Similarly FIG. 19b shows the top face of one elementary Bricks. There are shown details of two clearance bars 1911 and 1912, two cooling apertures 1941 and 1942, and located on the protrusion, the locking mechanism 1921 associated with three power electrical connectors 1931, and two sets of LED elements 1961, photocouplers 1971 and blade elements 1951. FIG. 19b also shows a portions of the camming hook of the locking mechanism and LEDs and photocouplers that extend from the lateral face.
FIG. 19c shows a detail of the optical coupling between two adjacent faces of two Bricks 1902 and 1903. In this Figure, 1973 represents the photocoupler and 1962 represents the LED.
FIG. 20a shows more particularly the detail of the camming hook 2200 which is pivotally mounted inside each Brick and which is associated with each protrusion. Camming hook 2200 is pivotally coupled through an axel 2101 extending respectfully through an elongated aperture 2301 formed at one end of lever arm 2300, and an elongated aperture 2302 of hook 2200.
FIG. 20b shows additional details of the locking mechanism. Camming hook 2200 is coupled with lever arm 2300 and can be pivoted manually.
The dielectric non conductive distal end of 2300 includes at least one recess 2411, the bottom of which engages one end of a compression coil spring 2405 whose other end is spring biased against an electrically washer 2403 whose lower surface thereof engages a second compression coil spring 2410, the lower end of which engages the interior surface of the protrusion of the superior Brick 2001. Extending through an electrically insulated aperture of said lower surface of the protrusion is a rod 2406 (not circular in cross section in the embodiment shown) whose lower end is rigidly secured to a second washer 2407, the upper end of rod 2406 being rigidly secured to washer 2403. Electrical contact 2422 is affixed to washer 2403. Electrical contact 2422 is electrically connected to power supply electrical wire 2422. Rod 2406 has a lower end facing an electrical contact 2402 which is affixed to the upper surface of the lower Brick. Contact 2422 is electrically connected to a power supply electrical wire 2401 of the lower Brick.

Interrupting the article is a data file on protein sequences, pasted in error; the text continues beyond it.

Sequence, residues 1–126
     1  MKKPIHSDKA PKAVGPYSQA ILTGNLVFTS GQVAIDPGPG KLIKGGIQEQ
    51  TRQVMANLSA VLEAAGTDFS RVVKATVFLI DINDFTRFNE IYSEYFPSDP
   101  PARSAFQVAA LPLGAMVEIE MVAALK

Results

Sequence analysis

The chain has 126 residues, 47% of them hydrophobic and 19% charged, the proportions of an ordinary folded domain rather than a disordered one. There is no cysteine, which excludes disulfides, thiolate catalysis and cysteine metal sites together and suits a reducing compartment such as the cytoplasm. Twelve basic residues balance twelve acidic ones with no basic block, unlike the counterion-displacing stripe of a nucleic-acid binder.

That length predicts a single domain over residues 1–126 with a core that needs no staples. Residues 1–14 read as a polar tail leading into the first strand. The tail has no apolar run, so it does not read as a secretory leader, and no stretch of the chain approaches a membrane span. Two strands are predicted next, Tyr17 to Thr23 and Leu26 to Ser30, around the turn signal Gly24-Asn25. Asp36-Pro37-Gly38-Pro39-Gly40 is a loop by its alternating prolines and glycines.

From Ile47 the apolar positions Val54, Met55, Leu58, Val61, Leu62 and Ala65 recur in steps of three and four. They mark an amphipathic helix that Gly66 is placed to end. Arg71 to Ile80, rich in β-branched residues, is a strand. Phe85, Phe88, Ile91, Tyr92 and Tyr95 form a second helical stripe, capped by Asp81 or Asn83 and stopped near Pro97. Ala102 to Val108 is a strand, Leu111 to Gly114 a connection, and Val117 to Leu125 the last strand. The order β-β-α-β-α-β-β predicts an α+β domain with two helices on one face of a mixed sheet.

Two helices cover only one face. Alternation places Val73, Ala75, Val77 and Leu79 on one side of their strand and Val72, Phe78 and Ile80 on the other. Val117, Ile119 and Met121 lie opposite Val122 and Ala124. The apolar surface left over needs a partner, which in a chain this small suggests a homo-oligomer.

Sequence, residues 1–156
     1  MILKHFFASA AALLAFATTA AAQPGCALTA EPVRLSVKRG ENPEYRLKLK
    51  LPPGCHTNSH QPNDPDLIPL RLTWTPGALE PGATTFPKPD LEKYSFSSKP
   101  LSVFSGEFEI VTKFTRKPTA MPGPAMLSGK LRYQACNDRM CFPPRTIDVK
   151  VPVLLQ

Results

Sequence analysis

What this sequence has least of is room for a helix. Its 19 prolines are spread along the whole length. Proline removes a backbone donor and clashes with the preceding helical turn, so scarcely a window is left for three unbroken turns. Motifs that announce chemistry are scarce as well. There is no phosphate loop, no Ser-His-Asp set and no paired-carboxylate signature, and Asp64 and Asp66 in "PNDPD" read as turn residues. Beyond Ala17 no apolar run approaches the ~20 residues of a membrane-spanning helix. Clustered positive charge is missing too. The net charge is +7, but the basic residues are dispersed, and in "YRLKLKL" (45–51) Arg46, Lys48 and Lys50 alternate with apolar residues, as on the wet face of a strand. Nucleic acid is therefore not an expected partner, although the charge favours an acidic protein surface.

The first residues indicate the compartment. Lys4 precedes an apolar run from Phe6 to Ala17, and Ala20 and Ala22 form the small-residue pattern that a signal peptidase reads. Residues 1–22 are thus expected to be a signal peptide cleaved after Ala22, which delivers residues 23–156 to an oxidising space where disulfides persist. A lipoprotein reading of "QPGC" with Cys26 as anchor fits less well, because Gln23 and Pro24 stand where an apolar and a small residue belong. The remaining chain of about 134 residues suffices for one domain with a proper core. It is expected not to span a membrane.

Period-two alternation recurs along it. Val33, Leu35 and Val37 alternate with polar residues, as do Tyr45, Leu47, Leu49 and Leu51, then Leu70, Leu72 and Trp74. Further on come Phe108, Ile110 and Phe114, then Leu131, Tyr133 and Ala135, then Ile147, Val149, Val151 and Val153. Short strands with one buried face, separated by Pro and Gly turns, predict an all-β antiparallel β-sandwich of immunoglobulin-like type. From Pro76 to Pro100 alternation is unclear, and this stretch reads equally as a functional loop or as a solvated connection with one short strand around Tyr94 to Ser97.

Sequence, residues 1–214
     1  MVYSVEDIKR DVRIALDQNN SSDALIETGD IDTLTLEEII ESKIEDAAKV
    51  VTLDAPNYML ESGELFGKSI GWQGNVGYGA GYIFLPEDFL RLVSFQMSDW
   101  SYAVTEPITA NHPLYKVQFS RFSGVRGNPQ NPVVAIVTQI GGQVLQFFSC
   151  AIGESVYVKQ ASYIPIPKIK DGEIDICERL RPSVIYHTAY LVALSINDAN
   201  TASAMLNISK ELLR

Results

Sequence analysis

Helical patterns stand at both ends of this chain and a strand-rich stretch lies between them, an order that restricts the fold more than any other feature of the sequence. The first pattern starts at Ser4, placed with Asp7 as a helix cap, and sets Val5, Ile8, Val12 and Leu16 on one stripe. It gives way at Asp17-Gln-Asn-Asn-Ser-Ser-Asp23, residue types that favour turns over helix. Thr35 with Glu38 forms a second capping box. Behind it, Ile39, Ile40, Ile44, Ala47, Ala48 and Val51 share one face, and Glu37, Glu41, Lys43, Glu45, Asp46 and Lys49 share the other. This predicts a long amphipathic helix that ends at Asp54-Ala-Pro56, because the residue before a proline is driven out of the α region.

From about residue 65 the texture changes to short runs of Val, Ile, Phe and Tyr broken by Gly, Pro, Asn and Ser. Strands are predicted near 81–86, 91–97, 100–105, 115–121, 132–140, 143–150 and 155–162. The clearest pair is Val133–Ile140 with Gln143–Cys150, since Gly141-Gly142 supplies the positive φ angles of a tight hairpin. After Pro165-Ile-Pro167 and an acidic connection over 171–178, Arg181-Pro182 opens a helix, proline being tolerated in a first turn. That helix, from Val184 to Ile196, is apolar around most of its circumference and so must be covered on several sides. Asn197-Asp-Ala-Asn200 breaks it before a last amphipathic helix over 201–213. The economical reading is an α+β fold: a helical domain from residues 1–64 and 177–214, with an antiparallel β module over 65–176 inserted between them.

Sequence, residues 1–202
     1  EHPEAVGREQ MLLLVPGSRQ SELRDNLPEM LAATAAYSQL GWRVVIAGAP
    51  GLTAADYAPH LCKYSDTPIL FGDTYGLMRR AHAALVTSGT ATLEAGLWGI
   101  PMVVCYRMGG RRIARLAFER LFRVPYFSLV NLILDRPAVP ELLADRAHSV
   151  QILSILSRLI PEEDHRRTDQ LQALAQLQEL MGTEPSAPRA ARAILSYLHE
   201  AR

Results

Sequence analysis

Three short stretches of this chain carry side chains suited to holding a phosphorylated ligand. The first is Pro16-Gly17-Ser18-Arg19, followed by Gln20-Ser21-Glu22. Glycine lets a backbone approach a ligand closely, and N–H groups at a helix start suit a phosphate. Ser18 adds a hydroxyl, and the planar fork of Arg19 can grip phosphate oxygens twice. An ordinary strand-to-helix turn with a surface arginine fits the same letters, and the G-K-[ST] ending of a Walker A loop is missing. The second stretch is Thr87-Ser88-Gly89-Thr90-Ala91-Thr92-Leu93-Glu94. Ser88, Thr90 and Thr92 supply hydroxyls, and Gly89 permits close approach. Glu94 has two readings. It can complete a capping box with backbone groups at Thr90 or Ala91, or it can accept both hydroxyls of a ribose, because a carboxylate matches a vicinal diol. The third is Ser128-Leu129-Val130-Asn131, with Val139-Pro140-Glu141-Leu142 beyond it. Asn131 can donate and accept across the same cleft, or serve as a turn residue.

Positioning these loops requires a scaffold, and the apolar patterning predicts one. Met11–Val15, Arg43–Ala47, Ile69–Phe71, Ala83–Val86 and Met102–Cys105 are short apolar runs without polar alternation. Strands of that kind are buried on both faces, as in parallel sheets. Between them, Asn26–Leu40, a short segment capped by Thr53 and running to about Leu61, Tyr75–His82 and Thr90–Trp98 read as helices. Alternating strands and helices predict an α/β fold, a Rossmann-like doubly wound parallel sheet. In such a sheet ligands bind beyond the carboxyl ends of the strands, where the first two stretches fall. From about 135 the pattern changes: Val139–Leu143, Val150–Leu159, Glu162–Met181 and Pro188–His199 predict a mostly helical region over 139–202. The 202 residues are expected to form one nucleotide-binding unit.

It should be noticed that coil spring 2405 has a rate that is higher than the rate of spring 2410.
When axel 2101 is manually--as by a control head 2100--or otherwise, pivoted clockwise (in FIG. 20a), the distal end of camming hook 2200 forceably engages a locking aperture 2210 formed at the upper groove of the lower Brick 2002, lever arm 2300 pivots in unisson with camming hook 2200 and, its distal end moves downward, thus compressing first spring 2410. When the lower end of rod 2406 engages contact 2402 the downward movement of rod 2406 ceases and any further pivoting movement of lever arm 2300 compresses spring 2405 until camming hook is fully engaged in locking aperture 2210. The man skilled in the art will realize that the uncompressed length of springs 2405 and 2410 as well as the profile of camming hook 2200 are selected so that hook 2200 is stopped by frictional contact with the locking aperture 2210 before the spring 2405 reaches its full compressed state. Such details are well known to the skilled man and will not be further described.
FIG. 21a shows the particular mechanism that is used for either providing the rigidity of the different elementary Bricks that are attached or, for providing the necessary clearance that allows the unplugging of one elementary Brick. As mentioned above, the clearance is achieved by means of a set of clearance bars 2120 that can be controlled by handle 2110. Clearance bar 2120 is fitted with a first and a second bevel at its two bottom corners as shown in the figure. The mechanism further comprises a wedge 2141 facing and extending along the first bevel of clearance bar 2120. Extending from wedge and rigidly secured thereto is a rod 2140. It should be noted that wedge 2141 and rod 2140 are fixed in position with respect to the upper surface of each Brick. The free end of rod 2140 extends through an aperture (not referenced) formed in a second wedge 2130 movable in translation along the rod. A compression coil spring 2150 is mounted between wedge 2130 and a washer 2151 rigidly secured to rod 2140. Bearing against the outer lateral surface of wedge 2130 is an eccentric 2111 which can be clockwise or counterclockwise manually rotated through a handle 2110 affixed to the axis of the eccentric.